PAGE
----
Tuesday, January 1, 2008

Happy new year

I take this opportunity of conveying my best wishes for 2008 to readers of the Antipodes blog. Over the last few weeks, I've been more absent-minded than usual (primarily because of a relatively banal health problem that suddenly hit me), and I somehow or other forgot completely that my friends Tineke Bot and Serge Bellier had invited me to spend the evening at their place. So, last night, I was curled up in front of my fireplace trying to digest the rather indigestible words of Nicolas Sarkozy's new-year greetings to his compatriots, when the phone rang. It was Serge informing me that they were waiting for my arrival. Now, while it's embarrassing to turn up late in such circumstances, it was suddenly fun to jump into my automobile, abandon the solitude of Gamone and find myself (a few kilometers up the road) in the warm atmosphere of my friends' home. After expressing my muddled apologies for forgetting about their invitation, I listened to a delightful anecdote from Tineke, which I shall summarize briefly. Several years ago, I built a small website [display] for Tineke. Well, recently, a Dutch scientist and his wife discovered this website, and they immediately dropped in on Tineke at Choranche in order to acquire one of her sculptures. This proves that the website is effective from a professional viewpoint, as it were, which is reassuring. But the anecdote doesn't stop there. The scientist is a computer specialist, aficionado (like me) of Apple products, and he's also a talented photographer. What's more, he has a sense of humor, for he left a gift for me with Tineke and Serge: a copy of his latest book, entitled Windows for Beginners.

Contrary to what might be imagined, this delightful little book has nothing to do with Microsoft's operating system. It's an anthology of excellent images of real-world windows in many corners of the planet.

Recently, in this blog, I proposed a small selection of Tineke's photos concerning the demolition of the rock overhanging the road at Choranche [display]. Last night, I had an opportunity of seeing the entire set of photos, presented in an elegant large-screen montage. In the context of this presentation of massive aspects of our mineral world of the Vercors (dark humid cliffs, jagged fragments of rocks, icy slopes and frozen valleys), I was impressed, above all, by the faces of the various human actors in charge of this demolition project: the serious regard of the elected represented of the region (whose troubled expressions reflected the recent horror of finding the occupants of an automobile crushed by a huge boulder that had slid down the slopes of Choranche), and the strangely nonchalant attitudes of the young helmeted climbers, attired in colorful garments and encumbered with ropes and chains, who were often obliged to scramble over the cliff face in the light of projectors, in the middle of the freezing night, adjusting steel rods and holes for dynamite in the fragile rocks.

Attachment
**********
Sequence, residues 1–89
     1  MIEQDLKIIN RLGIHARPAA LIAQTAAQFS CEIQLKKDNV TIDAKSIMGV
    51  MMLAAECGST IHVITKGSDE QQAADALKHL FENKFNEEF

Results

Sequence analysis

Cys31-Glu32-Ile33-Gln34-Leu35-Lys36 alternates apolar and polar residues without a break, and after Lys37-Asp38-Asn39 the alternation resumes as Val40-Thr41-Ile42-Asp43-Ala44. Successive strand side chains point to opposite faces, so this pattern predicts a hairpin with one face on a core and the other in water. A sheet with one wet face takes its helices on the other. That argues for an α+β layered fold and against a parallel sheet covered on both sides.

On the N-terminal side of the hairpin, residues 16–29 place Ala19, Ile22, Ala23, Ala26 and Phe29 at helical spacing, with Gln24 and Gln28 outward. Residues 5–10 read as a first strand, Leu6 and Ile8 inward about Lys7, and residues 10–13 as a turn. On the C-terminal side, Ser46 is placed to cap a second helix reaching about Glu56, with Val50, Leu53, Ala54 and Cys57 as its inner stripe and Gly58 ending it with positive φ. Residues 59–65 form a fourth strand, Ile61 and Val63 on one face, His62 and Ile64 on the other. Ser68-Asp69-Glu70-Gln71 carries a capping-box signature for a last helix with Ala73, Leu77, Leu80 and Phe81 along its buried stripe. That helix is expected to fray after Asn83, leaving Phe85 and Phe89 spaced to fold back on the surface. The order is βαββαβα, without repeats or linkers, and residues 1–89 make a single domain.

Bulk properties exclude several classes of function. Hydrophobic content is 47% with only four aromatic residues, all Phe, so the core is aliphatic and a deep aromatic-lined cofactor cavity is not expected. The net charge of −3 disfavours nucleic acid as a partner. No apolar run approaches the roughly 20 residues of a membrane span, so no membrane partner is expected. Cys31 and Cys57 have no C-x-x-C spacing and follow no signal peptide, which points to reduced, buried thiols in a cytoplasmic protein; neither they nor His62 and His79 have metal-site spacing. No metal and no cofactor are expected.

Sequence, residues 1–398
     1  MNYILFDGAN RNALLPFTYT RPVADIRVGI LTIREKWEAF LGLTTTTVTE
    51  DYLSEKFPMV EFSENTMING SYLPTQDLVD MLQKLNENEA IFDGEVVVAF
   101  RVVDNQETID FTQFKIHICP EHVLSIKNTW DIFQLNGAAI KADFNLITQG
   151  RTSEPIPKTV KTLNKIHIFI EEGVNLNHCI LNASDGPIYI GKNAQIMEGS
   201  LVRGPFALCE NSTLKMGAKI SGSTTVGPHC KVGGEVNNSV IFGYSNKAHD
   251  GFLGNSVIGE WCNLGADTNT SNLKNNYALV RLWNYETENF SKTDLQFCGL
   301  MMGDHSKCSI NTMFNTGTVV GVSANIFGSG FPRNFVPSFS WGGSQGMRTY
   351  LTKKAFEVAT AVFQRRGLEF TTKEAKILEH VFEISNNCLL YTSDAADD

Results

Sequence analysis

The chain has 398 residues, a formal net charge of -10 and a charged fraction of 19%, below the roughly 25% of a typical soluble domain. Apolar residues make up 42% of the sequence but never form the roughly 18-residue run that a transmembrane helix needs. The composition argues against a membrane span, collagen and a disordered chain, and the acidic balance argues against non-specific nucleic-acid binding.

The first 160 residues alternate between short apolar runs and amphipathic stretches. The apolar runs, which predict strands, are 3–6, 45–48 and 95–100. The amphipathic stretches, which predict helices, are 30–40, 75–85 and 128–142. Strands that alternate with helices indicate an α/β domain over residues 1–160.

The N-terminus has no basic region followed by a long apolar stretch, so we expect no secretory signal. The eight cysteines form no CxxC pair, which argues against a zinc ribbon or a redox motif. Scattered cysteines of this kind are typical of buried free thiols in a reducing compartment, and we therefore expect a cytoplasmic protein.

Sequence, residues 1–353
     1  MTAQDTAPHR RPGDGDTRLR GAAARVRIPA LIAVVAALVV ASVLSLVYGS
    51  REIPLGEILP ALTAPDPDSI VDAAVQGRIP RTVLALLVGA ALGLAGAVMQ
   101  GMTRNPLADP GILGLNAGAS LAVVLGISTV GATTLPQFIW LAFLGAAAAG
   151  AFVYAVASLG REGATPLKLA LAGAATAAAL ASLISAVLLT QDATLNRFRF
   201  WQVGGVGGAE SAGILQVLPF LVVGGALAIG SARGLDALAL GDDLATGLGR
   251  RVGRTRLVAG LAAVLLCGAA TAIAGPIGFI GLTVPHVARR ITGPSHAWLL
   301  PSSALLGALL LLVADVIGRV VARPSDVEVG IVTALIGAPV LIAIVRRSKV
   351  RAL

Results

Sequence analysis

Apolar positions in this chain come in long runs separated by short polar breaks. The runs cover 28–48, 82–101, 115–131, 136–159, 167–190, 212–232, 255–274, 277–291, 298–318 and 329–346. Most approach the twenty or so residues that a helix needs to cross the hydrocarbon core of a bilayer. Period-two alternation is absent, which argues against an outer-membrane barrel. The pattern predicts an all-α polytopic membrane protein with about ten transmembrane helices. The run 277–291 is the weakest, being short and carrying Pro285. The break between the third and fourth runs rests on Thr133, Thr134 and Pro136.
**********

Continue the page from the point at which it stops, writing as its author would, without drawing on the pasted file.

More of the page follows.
Tineke's photos reveal the regard of an artist. She's not only a sculptor, but a painter too. Like her, I was fascinated, a fortnight ago, by the presence of heavy frost at Choranche, enclosing every element of vegetation on the slopes and in the valley of the Bourne. Well, Tineke ventured out into the cold with her camera and produced an amazing series of images of this exceptional frost. She also produced a remarkable series on a simple but wonderful theme: brilliantly-hued roosters and hens wandering around contentedly in a local farmyard. Here at Gamone, I've often had fowls (including peacocks and ducks), and I've always considered them as immensely beautiful creatures, whose mere presence can have a strangely soothing effect upon human observers... like fish in an aquarium, which dentists used to install in their waiting rooms, in the hope of attenuating the stress of patients.

When I was about to leave for home around 1.30 this morning, I found my Citroën covered in ice. Serge suggested that I wait a minute while he prepared an antidote: a plastic watering-can full of boiling water, which removed the ice instantly. This morning, the cold has conquered my automobile once again [I don't yet have anything that might be described as a garage], and the traces of the boiling-water method have given rise to beautiful crystalline forms on the windshield and bonnet. I said to myself: If Tineke were to see my old Citroën in this striking visual state, she would surely either take a photo of it, produce a painting of the subject, or maybe even create some kind of gigantic Martian-like metal and stone structure, on our slopes of Choranche, entitled William's automobile. You never know what surprises you might get from authentic artists. Like an unexpected phone call, at the start of a wintry evening, which drags you out of your silence and solitude and into a universe of warm light, splendid colors and strange forms.

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